Over the past nine years, the AIM market has shrunk by 41% – down from 1,694 companies at the end of 2007 to 993 now, according to research by UHY Hacker Young
That includes a net loss of 61 companies in 2016, with 44 new companies listing on the market and 105 leaving – the largest number of departures since 2011.
UHY puts some of the shrinkage over the years down to a tightening of the market requirements in 2007 following a London Stock Exchange review, which together with the economic conditions prevailing since then, has resulted in fewer underperforming companies on the market.
Nevertheless, as UHY managing partner Laurence Sacker points out, the fall in the number of companies is not good news if the market wants to attract international companies looking to raise capital.
“The continued shrinkage of AIM is not great, and if this continues at the present rate then the future of the market may be in doubt,” he says.
“There does need to be a lot more of an effort to market AIM to UK and international companies.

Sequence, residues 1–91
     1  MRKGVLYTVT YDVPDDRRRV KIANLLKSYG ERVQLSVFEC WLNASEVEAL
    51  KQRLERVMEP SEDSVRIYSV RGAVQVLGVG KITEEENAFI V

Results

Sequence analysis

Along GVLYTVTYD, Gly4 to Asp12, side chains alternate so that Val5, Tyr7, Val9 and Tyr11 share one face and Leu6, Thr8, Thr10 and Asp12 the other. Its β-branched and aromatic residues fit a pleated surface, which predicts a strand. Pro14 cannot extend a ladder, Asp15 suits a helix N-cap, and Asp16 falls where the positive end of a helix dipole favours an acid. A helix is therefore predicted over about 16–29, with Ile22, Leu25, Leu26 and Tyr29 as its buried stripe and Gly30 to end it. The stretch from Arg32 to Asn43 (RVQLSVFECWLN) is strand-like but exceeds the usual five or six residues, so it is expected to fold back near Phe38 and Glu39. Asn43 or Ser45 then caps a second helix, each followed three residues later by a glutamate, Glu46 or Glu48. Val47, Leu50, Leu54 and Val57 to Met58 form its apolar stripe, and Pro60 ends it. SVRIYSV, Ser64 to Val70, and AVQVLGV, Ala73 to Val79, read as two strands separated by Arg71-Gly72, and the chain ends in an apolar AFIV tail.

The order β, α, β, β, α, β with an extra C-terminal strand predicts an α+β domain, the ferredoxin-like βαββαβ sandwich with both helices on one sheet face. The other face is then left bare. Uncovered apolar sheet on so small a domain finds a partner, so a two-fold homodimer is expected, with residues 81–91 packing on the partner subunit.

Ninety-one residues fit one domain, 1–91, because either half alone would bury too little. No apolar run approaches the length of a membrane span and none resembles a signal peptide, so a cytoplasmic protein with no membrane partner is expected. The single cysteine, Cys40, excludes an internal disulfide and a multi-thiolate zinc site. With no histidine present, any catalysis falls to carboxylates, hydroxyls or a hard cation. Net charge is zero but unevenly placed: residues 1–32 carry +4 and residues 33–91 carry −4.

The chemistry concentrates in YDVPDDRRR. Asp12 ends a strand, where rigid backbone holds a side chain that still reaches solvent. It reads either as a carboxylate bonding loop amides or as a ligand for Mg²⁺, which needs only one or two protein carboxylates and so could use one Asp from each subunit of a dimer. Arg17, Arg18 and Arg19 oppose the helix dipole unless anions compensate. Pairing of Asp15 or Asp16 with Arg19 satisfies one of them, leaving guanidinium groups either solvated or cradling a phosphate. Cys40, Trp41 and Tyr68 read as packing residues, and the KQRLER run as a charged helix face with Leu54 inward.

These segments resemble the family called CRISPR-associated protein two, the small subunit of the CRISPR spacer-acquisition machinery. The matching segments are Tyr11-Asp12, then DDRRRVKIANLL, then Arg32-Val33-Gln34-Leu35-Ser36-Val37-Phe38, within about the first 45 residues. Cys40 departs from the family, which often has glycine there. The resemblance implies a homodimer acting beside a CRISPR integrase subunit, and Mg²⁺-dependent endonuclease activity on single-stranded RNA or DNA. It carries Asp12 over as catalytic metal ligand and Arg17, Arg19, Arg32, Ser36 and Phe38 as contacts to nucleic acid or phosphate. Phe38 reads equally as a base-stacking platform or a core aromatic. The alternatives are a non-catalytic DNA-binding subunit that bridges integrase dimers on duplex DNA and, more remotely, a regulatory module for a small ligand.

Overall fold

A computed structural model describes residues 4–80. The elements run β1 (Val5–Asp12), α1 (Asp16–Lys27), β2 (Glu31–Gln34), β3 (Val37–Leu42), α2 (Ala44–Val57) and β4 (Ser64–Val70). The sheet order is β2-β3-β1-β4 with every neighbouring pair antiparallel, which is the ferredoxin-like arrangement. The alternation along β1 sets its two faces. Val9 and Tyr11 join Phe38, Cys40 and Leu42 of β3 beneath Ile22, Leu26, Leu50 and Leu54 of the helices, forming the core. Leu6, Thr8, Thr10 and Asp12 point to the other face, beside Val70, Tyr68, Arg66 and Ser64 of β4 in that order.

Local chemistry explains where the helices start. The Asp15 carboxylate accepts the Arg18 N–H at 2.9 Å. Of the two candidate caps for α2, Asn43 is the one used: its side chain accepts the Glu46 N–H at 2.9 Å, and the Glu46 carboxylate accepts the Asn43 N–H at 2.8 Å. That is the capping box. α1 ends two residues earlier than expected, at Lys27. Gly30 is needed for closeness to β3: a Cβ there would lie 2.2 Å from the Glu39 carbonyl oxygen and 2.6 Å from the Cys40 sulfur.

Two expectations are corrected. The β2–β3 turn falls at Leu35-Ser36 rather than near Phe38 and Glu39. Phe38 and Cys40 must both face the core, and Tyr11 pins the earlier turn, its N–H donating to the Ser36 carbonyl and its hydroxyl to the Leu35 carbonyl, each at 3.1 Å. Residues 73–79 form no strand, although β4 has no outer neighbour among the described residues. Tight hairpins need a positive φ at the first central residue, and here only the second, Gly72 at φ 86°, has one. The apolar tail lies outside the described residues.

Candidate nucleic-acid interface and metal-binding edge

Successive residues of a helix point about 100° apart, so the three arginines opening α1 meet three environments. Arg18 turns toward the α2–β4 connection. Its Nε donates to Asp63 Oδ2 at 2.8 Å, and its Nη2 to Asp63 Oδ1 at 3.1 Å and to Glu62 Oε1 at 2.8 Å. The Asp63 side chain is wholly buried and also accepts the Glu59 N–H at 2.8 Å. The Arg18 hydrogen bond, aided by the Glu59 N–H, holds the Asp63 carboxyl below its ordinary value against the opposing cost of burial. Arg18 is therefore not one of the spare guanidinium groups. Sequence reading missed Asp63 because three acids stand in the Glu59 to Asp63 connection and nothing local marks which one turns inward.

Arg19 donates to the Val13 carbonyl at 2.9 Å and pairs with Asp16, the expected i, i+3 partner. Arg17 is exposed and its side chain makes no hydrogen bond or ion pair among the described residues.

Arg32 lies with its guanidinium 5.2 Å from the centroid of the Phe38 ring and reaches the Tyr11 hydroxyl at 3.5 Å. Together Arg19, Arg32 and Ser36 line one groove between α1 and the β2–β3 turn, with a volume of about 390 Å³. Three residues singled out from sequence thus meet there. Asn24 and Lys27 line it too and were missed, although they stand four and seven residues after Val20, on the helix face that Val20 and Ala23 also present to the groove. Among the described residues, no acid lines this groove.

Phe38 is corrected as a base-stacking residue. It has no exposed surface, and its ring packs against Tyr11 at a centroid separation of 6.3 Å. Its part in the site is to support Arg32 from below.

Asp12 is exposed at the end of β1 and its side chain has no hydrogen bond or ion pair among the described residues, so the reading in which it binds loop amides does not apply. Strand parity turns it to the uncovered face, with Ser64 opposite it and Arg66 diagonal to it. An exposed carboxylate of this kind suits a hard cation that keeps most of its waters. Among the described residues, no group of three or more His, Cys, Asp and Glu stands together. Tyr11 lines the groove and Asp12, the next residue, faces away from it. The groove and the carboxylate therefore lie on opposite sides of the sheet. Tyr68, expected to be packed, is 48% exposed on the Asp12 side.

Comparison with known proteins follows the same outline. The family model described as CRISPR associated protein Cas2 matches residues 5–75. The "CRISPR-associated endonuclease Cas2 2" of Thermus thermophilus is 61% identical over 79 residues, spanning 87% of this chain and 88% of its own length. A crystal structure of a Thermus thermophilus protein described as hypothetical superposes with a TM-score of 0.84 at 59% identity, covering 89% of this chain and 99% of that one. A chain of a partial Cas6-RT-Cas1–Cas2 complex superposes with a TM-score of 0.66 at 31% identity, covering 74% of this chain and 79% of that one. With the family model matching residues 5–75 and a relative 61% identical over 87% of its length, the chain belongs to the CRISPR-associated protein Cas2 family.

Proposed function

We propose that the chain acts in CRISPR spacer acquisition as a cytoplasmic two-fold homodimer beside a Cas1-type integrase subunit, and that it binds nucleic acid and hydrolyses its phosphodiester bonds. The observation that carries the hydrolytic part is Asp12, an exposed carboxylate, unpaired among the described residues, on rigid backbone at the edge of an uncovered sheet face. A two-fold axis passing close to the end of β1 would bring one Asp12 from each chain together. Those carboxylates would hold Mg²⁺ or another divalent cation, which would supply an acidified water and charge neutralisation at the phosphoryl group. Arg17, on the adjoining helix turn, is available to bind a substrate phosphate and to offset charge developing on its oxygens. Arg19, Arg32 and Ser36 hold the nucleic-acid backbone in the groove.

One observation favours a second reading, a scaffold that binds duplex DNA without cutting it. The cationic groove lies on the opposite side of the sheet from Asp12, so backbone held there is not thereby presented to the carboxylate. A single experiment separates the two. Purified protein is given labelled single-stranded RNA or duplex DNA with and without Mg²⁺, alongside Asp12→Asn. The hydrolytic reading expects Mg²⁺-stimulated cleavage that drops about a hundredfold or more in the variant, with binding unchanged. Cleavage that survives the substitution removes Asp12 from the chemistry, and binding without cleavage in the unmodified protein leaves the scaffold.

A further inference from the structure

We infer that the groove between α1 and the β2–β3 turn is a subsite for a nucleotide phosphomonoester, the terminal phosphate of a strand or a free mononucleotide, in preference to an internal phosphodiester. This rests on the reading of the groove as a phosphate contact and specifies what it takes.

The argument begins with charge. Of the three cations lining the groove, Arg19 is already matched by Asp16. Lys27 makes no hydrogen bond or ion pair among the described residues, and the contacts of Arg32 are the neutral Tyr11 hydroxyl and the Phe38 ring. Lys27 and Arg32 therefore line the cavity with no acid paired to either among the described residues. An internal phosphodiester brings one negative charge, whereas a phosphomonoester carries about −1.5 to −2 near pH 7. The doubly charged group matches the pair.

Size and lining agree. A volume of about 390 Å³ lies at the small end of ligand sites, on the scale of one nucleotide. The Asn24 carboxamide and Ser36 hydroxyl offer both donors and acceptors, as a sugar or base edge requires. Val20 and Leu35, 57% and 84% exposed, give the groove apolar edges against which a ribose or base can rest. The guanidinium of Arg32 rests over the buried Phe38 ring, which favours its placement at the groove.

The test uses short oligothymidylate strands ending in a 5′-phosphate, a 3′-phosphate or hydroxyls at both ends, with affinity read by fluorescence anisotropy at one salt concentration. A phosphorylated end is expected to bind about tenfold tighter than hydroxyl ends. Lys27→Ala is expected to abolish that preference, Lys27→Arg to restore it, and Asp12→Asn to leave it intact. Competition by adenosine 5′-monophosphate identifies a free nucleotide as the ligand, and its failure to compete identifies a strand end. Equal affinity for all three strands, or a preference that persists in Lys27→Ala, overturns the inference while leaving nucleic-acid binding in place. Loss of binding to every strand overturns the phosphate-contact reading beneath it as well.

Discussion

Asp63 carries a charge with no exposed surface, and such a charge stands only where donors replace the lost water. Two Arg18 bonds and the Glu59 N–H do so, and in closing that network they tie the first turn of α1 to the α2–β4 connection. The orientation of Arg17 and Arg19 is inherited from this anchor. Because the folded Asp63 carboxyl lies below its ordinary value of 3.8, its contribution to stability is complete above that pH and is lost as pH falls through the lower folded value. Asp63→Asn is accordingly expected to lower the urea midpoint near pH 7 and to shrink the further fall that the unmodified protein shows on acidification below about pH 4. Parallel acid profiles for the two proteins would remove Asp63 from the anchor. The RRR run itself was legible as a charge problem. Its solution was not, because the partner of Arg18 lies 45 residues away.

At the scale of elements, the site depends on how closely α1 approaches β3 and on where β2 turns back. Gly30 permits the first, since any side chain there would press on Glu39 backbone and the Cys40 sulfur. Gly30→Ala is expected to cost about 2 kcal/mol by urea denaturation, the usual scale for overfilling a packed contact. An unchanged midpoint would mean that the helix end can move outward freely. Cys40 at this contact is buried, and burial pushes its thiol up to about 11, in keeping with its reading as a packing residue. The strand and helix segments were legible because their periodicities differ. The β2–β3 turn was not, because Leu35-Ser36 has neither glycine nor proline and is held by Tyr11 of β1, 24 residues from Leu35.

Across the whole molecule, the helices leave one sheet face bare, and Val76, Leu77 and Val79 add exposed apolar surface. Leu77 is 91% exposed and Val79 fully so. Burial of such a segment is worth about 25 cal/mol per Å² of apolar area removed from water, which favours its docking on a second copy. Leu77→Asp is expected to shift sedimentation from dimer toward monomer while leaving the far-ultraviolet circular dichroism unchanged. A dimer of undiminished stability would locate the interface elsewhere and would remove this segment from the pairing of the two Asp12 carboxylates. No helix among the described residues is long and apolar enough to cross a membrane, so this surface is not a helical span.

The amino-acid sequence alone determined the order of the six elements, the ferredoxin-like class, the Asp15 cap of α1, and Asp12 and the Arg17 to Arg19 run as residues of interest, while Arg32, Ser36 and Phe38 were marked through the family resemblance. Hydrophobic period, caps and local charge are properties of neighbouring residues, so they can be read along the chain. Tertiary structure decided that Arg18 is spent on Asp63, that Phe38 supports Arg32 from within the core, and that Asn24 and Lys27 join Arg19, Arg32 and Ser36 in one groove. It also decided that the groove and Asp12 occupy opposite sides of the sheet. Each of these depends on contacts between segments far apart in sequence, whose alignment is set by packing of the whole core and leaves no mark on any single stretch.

“It’s vital that AIM appears welcoming to all companies looking to raise capital – particularly to foreign companies, as after Brexit there may now be a perception that London is not the place to be.”
Sacker also warned that some companies contemplating a listing might be put off by commentators who predict that the proposed merger between the London Stock Exchange and Deutsche Bourse could kill off the junior market.
Interestingly, though, part of the 2016 reduction in AIM company numbers resulted from increased merger and acquisition activity: 34 AIM companies were taken over during the year (compared with 28 in 2015), 13 of them (v eight) in the last quarter alone. Around 70% of the bids in Q4 came from overseas on the back of the decline in the value of sterling.
Sacker says that the increase in takeovers demonstrates the importance of the market as an incubator of valuable companies. However, AIM is currently losing out to private equity and venture capital firms as the go-to place to raise capital, particularly for start-ups.
Cutting costs associated with listing or increasing AIM’s outreach programme, he adds, could increase AIM’s attractiveness and make a big difference in the number of companies choosing to list on the market.